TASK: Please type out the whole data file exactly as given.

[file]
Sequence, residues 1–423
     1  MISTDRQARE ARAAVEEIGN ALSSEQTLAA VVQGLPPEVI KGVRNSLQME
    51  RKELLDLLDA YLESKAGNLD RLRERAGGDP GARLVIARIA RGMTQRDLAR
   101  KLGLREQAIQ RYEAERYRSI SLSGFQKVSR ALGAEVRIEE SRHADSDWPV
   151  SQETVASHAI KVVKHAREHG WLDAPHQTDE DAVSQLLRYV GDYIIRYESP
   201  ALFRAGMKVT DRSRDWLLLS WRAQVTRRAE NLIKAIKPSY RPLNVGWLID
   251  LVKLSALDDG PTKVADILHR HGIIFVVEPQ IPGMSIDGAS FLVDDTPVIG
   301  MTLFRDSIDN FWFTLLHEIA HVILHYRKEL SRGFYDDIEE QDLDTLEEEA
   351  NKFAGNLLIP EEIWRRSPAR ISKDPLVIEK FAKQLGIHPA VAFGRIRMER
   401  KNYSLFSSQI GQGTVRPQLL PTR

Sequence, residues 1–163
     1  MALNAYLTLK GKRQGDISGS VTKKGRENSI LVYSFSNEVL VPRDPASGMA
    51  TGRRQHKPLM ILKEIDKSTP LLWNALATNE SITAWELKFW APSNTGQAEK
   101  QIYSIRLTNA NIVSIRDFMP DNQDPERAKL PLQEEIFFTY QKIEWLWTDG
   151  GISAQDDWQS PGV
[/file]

Sequence, residues 1–423
     1  MISTDRQARE ARAAVEEIGN ALSSEQTLAA VVQGLPPEVI KGVRNSLQME
    51  RKELLDLLDA YLESKAGNLD RLRERAGGDP GARLVIARIA RGMTQRDLAR
   101  KLGLREQAIQ RYEAERYRSI SLSGFQKVSR ALGAEVRIEE SRHADSDWPV
   151  SQETVASHAI KVVKHAREHG WLDAPHQTDE DAVSQLLRYV GDYIIRYESP
   201  ALFRAGMKVT DRSRDWLLLS WRAQVTRRAE NLIKAIKPSY RPLNVGWLID
   251  LVKLSALDDG PTKVADILHR HGIIFVVEPQ IPGMSIDGAS FLVDDTPVIG
   301  MTLFRDSIDN FWFTLLHEIA HVILHYRKEL SRGFYDDIEE QDLDTLEEEA
   351  NKFAGNLLIP EEIWRRSPAR ISKDPLVIEK FAKQLGIHPA VAFGRIRMER
   401  KNYSLFSSQI GQGTVRPQLL PTR

Sequence, residues 1–163
     1  MALNAYLTLK GKRQGDISGS VTKKGRENSI LVYSFSNEVL VPRDPASGMA
    51  TGRRQHKPLM ILKEIDKSTP LLWNALATNE SITAWELKFW APSNTGQAEK
   101  QIYSIRLTNA NIVSIRDFMP DNQDPERAKL PLQEEIFFTY QKIEWLWTDG
   151  GISAQDDWQS PGV